Nebraska basketball team hit with food poisoning


I used to play basketball when I was younger and was MVP in high school. Now I would be lucky if I could dribble the ball properly.

I guess it would be hard to practice when you’re on the verge of barfing.

10/11 Now reports

The Nebraska Wesleyan men’s basketball team had to battle food poisoning Monday, as only nine players practiced with several sick, including Head Coach Dale Wellman.

Wellman said he was forced to sleep in his office while he tried to prepare for the national semifinals.

The Prairie Wolves think it was actually the meal before their Elite 8 win that caused over half the team to get sick.

Nebraska Wesleyan advanced to the Final Four over the weekend and will play on Friday in Salem, Virginia.

That will be the program’s fifth Final Four appearance.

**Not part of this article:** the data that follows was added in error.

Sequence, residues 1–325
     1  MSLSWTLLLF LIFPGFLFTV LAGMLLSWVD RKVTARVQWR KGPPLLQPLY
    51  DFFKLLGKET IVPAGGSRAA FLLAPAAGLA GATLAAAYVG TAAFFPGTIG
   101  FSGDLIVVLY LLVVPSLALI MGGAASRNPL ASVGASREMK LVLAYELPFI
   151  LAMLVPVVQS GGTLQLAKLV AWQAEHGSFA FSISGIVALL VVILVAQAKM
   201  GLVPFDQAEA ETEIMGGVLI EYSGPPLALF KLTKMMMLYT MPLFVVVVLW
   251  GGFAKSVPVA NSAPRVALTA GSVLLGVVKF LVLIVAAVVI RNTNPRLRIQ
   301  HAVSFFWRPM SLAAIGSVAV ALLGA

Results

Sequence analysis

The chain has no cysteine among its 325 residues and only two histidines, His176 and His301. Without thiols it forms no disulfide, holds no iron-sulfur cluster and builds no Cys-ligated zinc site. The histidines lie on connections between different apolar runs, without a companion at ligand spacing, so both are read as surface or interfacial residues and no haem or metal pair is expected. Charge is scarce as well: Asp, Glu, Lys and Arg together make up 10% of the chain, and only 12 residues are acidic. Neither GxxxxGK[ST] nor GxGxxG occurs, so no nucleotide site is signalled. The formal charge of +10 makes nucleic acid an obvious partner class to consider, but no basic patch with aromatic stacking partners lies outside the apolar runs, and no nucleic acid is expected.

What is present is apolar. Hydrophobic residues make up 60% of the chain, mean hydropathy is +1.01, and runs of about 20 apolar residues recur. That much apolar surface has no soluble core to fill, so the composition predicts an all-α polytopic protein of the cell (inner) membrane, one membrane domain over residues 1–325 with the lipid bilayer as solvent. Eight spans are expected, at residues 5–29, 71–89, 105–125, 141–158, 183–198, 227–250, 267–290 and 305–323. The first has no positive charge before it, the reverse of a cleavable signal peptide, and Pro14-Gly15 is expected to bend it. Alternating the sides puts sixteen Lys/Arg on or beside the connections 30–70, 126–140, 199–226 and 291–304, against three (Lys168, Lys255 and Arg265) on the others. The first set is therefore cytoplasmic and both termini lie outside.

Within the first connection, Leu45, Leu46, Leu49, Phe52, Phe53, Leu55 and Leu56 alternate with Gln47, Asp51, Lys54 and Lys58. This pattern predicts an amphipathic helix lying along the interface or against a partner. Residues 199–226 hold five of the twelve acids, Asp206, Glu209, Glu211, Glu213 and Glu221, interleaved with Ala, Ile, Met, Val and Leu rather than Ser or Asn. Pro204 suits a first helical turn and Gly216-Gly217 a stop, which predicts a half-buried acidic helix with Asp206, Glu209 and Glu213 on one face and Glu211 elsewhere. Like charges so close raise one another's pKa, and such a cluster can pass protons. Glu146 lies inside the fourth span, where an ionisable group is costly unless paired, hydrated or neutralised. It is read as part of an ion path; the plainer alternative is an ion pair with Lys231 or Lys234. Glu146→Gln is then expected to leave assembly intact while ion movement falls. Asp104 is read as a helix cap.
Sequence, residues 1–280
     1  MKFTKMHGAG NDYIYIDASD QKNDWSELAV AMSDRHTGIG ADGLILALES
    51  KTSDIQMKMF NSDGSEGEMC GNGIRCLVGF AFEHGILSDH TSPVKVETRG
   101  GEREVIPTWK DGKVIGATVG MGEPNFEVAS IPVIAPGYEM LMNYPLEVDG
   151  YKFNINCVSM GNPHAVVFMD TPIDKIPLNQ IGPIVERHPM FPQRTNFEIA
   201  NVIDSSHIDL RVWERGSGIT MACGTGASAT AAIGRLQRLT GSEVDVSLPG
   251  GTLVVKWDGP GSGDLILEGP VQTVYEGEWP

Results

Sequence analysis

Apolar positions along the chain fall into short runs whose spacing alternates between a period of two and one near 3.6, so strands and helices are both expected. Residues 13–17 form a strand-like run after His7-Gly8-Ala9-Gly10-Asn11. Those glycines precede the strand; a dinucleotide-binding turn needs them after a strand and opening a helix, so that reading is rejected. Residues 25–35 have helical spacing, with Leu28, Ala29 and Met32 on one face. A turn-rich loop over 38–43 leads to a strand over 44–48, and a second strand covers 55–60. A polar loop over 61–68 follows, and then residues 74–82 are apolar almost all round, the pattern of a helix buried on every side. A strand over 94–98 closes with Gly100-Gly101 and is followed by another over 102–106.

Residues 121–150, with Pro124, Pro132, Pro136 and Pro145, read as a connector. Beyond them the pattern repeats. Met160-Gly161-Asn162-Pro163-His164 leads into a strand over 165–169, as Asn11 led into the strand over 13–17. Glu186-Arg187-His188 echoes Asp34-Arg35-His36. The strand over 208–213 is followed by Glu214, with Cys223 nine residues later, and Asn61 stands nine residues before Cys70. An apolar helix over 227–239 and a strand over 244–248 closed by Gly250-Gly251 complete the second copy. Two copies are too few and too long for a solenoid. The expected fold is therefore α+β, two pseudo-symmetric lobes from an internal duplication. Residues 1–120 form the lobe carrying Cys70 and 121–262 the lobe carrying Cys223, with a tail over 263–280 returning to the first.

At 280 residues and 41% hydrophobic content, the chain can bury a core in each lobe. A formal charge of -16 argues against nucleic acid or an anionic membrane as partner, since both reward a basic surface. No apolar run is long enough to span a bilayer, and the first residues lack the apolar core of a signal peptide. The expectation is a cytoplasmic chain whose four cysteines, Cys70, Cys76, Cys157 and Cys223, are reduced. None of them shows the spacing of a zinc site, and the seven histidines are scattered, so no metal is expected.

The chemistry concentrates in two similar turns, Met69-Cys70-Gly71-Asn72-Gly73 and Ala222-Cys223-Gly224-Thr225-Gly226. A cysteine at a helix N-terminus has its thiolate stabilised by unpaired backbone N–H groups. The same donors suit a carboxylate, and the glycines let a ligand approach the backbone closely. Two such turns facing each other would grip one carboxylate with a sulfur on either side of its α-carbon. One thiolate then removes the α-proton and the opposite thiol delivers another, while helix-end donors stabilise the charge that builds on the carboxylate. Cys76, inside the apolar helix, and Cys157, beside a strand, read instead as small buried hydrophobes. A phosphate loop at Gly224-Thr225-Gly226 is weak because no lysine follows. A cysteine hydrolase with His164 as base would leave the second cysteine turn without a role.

Katie Overbey: March gastro madness

Katie Overbey, a food science graduate student at NC State who focuses on food safety communication and norovirus writes:

Basketball has been on my mind a lot this past week and I’ve wondered a few times what would happen if a team participating in the NCAA tournament fell victim to norovirus? Today, I got my answer.ncaa-san-diego-st-duke-basketball.jpeg10-620x412

San Diego State men’s basketball players and coaches got a bit more March Madness than they were counting on this past weekend when members of the team came down with GI illnesses before their game against Duke on Sunday. According to Fox Sports, multiple players, as well as the head coach, experienced symptoms, which sounds like norovirus (but wasn’t confirmed).

The trouble began when senior guard Aqeel Quinn came down with what the team thought was a case of food poisoning after eating a turkey sandwich Thursday.